Horton ends his essay with some further remarks on the dangers of softening the law to make it “doable” and hardening the gospel into a “new law.”

When the Law is softened into gentle promises and the Gospel is hardened into conditions and exhortations, the believer often finds himself in a deplorable state. For those who know their own hearts, preaching that tries to tone down the Law by assuring them that God looks on the heart comes as bad news, not good news: “The heart is deceitful above all things…” (Jer. 17:9). Many Christians have experienced the confusion of Law and Gospel in their diet, where the Gospel was free and unconditional when they became believers, but is now pushed into the background to make room for an almost exclusive emphasis on exhortations. Again, it is not that exhortations do not have their place, but they must never be confused with the Gospel and that Gospel of divine forgiveness is as important for sinful believers to hear as it is for unbelievers. Nor can we assume that believers ever progress beyond the stage where they need to hear the Gospel, as if the Good News ended at conversion. For, as Calvin said, “We are all partly unbelievers throughout our lives.” We must constantly hear God’s promise in order to counter the doubts and fears that are natural to us.
But there are many, especially in our narcissistic age, whose ignorance of the Law leads them into a carnal security. Thus, people often conclude that they are “safe and secure from all alarm” because they walked an aisle, prayed a prayer, or signed a card, even though they have never had to give up their own fig leaves in order to be clothed with the righteousness of the Lamb of God. Or perhaps, although they have not perfectly loved God and neighbor, they conclude that they are at least “yielded,” “surrendered,” or “letting the Spirit have his way”; that they are “living in victory over all known sin” and enjoying the “higher life.” Deluding themselves and others, they need to be stripped of their fig leaves in order to be clothed with the skins of the Lamb of God. Thus, Machen writes,A new and more powerful proclamation of law is perhaps the most pressing need of the hour; men would have little difficulty with the gospel if they had only learned the lesson of the law. As it is, they are turning aside from the Christian pathway; they are turning to the village of Morality, and to the house of Mr. Legality, who is reported to be very skillful in relieving men of their burdens… ‘Making Christ Master’ in the life, putting into practice ‘the principles of Christ’ by one’s own efforts–these are merely new ways of earning salvation by one’s obedience to God’s commands. And they are undertaken because of a lax view of what those commands are. So it always is: a low view of law always brings legalism in religion; a high view of law makes a man a seeker after grace.13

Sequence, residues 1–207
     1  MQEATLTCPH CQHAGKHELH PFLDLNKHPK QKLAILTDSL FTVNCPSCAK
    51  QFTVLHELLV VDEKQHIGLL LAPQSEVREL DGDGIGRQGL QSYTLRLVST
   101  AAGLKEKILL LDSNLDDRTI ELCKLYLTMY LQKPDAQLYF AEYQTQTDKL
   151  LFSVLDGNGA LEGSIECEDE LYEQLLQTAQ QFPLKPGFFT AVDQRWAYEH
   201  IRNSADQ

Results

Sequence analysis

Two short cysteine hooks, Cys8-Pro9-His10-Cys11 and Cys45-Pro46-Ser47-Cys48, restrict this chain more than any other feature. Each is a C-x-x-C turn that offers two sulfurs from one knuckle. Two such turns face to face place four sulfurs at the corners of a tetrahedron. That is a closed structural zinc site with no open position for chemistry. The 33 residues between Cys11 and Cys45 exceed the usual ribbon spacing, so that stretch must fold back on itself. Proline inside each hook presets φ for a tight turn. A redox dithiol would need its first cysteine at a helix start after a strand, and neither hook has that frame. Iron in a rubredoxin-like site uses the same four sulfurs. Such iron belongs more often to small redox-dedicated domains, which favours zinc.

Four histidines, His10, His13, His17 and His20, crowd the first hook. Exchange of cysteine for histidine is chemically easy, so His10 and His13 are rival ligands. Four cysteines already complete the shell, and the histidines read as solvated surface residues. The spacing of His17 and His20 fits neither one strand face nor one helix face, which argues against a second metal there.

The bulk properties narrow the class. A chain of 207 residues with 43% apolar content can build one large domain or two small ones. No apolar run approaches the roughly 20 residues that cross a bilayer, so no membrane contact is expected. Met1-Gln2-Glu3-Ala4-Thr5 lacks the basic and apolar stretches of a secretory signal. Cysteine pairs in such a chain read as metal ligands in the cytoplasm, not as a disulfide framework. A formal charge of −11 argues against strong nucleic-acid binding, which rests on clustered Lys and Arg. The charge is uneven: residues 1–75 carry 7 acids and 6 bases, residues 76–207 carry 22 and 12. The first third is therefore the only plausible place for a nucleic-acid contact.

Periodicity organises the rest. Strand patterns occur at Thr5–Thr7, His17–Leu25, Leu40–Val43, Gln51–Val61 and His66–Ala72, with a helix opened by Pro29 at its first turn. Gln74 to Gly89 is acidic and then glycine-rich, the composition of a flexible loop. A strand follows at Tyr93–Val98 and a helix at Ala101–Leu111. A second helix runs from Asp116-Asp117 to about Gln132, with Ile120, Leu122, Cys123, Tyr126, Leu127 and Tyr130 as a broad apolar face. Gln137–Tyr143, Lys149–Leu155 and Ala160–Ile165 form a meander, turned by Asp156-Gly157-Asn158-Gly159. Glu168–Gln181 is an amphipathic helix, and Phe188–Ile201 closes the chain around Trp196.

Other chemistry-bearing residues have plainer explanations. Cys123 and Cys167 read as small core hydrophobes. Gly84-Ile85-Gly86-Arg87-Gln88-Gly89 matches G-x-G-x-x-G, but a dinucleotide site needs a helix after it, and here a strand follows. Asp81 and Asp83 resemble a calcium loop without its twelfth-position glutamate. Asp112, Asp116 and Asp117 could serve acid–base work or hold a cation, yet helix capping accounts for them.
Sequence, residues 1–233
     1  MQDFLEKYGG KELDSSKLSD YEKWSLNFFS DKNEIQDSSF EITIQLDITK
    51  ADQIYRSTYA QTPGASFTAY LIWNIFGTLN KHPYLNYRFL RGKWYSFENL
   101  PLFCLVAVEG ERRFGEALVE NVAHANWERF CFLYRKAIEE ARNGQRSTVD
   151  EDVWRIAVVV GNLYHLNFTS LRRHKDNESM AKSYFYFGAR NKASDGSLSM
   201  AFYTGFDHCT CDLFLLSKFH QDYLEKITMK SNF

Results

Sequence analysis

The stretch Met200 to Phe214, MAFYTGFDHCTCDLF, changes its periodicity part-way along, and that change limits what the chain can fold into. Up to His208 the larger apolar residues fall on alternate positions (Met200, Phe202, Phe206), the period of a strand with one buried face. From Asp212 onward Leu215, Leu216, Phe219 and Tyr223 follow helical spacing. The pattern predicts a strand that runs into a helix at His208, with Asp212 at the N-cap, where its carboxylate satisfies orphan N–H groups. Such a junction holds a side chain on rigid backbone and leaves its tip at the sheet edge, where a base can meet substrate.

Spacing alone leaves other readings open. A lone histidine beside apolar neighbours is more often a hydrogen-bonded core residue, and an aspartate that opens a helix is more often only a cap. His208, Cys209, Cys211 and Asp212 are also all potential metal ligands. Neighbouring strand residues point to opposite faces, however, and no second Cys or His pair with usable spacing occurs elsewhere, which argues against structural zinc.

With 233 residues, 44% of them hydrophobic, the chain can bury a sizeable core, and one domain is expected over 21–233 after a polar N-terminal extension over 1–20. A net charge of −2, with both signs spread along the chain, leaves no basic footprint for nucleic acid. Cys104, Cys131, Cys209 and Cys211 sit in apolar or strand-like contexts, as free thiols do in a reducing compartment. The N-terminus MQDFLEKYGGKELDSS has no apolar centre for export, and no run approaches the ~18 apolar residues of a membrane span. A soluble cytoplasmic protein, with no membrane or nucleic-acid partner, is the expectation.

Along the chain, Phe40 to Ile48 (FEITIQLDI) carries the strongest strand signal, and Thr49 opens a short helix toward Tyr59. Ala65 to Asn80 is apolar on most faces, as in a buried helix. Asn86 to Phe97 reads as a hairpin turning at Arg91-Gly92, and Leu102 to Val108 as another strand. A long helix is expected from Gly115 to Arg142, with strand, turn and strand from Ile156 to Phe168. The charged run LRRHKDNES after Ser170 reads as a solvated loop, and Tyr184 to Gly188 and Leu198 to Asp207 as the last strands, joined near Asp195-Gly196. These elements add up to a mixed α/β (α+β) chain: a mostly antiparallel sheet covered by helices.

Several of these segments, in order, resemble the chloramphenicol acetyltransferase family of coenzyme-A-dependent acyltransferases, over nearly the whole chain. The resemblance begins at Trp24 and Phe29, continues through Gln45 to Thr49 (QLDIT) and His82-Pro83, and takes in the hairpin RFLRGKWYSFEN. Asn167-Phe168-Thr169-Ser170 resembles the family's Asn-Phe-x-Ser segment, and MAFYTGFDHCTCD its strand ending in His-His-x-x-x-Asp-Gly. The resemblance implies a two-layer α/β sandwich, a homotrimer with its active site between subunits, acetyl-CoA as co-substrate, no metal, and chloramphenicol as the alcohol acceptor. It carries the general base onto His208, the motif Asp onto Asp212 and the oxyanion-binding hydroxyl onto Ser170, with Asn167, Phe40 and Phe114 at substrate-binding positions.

We must, therefore, recover Law and Gospel, and with such preaching, the Christocentric message of Scripture, or no good will come of our work, regardless of how committed we are to inerrancy. We cannot say that we are preaching the Word of God unless we are distinctly and clearly proclaiming both God’s judgment and his justification as the regular diet in our congregations. To recover Scripture’s sufficiency we must therefore, like the Reformers, recover the distinctions between Law and Gospel.

Again, Horton’s entire essay can be read here.
Are you getting a steady diet of law and gospel rightly divided and related?  Or is your conscience being tormented by a “glawspel”?